The Nigerian Civil Aviation Authority (NCAA) and the Nigerian Airspace Management Agency (NAMA) have carried out a review of aerodrome operating weather minima for 18 airports in the country.
Mr Sam Adurogboye, the General Manager, Public Relations, NCAA, made this known in a statement issued on Wednesday in Lagos.
Adurogboye said the review was in compliance with the provision of Part 8 of the Nigerian Civil Aviation Regulations (Nig.CARs Part 8), and in accordance with International Civil Aviation Organisation (ICAO) Doc.9365.
“In this review, the regulatory authority took cognizance ofimprovements in visual and navigational aids within the affected airports.
“The reviewed aerodrome operating minima will serve to enhance the operating capacity of the aerodromes.
“This is due to the fact that it will avail the operators with improved minima for low visibility operations.”
Adurogboye said according to the review, the landing minima specified for all the 18 airports were determined based on applicable criteria as defined in the ICAO PANS-OPS Doc. 8168 and Doc.9365.
He said they included all relevant amendments as well as available navigational facilities (ILS, VOR/DME) or PBN Navigational Specification (RNAV/GNSS).
“On the other hand, the reviewed operating minima provided for a performance based takeoff for the affected aerodromes in Nigeria are determined by available visual aids for takeoff.
“These are Runway Centre Lights, Touchdown Zone lights, Runway Edge Lights, Threshold Lights, Runway End Lights and Runway Surface Markings.
“The 18 aerodromes where the operating minima and takeoff minima has been reviewed are Lagos, Abuja, Kano, Port Harcourt, Calabar, Dutse, Eket and Enugu.
“Others are Gombe, Ilorin, Kaduna, Katsina, Kebbi, Owerri, Sokoto, Uyo, Yola and Zaria,” Adurogboye added.
He said it should be noted that the last time weather minima were actually reviewed was in 1983.
“However, a semblance of revision undertaken in 1993 only stated that the takeoff minima will be equal or greater than landing minima at all airports.’’
Adurogboye said this was to allow for an air return to the same airport should there arise an emergency.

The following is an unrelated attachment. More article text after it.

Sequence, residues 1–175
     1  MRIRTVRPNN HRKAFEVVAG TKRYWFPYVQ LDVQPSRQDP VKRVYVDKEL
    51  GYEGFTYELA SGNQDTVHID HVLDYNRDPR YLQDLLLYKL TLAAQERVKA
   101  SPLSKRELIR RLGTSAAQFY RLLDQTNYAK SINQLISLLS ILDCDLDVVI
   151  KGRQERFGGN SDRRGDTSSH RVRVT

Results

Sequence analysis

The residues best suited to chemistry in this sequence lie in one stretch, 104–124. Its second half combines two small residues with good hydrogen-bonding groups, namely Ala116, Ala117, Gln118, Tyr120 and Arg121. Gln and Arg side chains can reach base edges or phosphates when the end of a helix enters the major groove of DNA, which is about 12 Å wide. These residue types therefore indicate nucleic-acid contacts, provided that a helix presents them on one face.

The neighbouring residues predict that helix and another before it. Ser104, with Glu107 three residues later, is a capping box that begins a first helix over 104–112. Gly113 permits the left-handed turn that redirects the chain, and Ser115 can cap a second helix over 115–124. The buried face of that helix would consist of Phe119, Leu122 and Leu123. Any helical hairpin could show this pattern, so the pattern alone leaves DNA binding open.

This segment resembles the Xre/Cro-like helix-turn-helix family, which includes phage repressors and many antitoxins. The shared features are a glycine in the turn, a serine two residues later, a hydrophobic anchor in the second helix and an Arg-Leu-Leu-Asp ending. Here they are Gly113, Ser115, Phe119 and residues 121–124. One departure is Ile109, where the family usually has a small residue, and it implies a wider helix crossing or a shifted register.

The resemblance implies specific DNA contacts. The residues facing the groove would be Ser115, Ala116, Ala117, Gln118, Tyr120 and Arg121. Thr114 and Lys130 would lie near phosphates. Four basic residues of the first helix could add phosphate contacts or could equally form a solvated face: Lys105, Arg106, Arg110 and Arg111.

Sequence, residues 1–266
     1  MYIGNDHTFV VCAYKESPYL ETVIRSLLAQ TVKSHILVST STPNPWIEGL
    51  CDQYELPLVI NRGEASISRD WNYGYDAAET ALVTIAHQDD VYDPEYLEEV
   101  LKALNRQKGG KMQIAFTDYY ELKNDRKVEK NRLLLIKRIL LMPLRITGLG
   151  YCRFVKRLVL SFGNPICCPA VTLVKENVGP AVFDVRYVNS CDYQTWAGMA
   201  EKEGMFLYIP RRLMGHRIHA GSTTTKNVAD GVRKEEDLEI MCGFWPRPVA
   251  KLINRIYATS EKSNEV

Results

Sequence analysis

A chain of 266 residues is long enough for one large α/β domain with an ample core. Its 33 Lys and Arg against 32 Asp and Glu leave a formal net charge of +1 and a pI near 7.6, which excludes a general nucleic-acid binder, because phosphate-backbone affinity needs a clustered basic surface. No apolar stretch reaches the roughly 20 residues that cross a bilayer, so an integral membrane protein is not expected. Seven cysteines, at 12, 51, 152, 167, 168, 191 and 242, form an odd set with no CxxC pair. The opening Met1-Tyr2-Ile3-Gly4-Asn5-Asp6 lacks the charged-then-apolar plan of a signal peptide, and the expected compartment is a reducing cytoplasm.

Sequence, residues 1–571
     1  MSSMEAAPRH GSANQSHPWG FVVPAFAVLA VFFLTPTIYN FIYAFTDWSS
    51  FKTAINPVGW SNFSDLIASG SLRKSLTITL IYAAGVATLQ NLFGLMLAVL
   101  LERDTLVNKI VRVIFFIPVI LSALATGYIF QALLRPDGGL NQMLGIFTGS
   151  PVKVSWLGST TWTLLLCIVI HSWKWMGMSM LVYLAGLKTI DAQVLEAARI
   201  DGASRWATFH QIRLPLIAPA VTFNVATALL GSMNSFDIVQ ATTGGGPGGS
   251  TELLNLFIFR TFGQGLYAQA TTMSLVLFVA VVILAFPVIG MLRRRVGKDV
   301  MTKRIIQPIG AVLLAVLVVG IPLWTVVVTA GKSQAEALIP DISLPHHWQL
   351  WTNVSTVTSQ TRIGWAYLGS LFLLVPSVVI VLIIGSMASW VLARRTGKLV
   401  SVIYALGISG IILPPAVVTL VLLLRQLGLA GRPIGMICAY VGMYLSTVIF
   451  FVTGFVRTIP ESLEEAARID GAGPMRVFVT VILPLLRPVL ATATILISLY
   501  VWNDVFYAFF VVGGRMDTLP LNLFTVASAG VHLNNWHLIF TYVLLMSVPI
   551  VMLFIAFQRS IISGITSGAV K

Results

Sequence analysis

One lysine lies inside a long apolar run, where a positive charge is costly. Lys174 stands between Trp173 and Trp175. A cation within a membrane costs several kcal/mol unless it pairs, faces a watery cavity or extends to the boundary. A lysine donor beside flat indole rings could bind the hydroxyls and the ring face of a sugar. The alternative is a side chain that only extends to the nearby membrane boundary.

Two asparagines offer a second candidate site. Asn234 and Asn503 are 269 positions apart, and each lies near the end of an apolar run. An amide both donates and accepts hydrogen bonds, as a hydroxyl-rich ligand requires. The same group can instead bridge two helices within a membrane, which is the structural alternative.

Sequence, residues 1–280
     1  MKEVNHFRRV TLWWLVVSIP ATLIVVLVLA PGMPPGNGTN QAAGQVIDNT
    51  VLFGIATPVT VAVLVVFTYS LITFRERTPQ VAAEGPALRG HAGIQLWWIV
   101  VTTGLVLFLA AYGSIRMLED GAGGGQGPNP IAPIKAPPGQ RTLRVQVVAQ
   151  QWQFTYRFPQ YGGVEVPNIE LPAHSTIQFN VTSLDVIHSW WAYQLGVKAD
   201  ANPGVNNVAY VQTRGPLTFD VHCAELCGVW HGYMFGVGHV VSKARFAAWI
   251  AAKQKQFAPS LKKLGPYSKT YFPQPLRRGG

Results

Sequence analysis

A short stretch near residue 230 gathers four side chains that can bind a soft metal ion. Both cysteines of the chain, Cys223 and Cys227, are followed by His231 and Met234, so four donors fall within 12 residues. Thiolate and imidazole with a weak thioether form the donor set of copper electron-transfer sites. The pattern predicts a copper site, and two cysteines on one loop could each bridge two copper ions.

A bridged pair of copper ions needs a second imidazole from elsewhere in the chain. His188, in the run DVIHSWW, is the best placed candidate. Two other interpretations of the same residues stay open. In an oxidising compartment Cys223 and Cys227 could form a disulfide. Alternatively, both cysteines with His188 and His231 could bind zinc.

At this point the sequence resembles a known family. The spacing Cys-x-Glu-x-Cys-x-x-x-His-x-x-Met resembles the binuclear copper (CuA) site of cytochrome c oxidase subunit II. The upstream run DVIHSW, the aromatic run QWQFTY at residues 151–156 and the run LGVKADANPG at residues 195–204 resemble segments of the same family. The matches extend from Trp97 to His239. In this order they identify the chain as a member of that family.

“However, this present review allows for takeoff as low as 150 metres Runway Visual Range (RVR).
“While some airports in the country with Category Two Instrument Landing Systems (ILS Cat II) can permit landing with 300 metres Runway Visual Range (RVR).
“Before this review, the lowest visibility Category Two ILS in the nation’s airports was 800 metres/550 RVR (Runway Visual Range).
Adurogboye said based on the review, the Abuja, Lagos, Kano, Port Harcourt, Kaduna, Ilorin, Gombe, Owerri, Sokoto, Uyo, Yola, Dutse, Calabar and Enugu airports now had ILS Cat II Approach and Landing Minima.
He said the implementation of these revised aerodrome operating minima (both takeoff and landing) would be based on compliance with applicable Standard Operating Procedures for Low Visibility Operations at the affected airports.
“This is executed by Flight Crew, Air Traffic Controllers (ATC), Aerodrome Operators and the Meteorological Agency.
“To ensure the seamless operation of these revised minima, the Nigerian Meteorological Agency (NiMET) shall continue to ensure the prompt and regular provision of required meteorological information.
“These will include flight visibility and Runway Visual Range (RVR) values to all ATC units in the airports.
“Thus NiMET and NAMA shall ensure constant updating of the Automatic Terminal Information Service (ATIS) with the available RVR values as appropriate,” Adurogboye said.
He said all airlines, aerodrome operators and air navigation service providers were required to ensure adequate training of their personnel and flight crew that would be involved in low visibility operations.
Adurogboye said the air navigation service provider was expected to ensure regular flight calibration of all available navigational aids.
He said this was to ensure safe and efficient flight operations, especially during low visibility operations.
Adurogboye said the NCAA would continue to provide a proactive regulatory oversight that would ensure safety and security of all flight operations.
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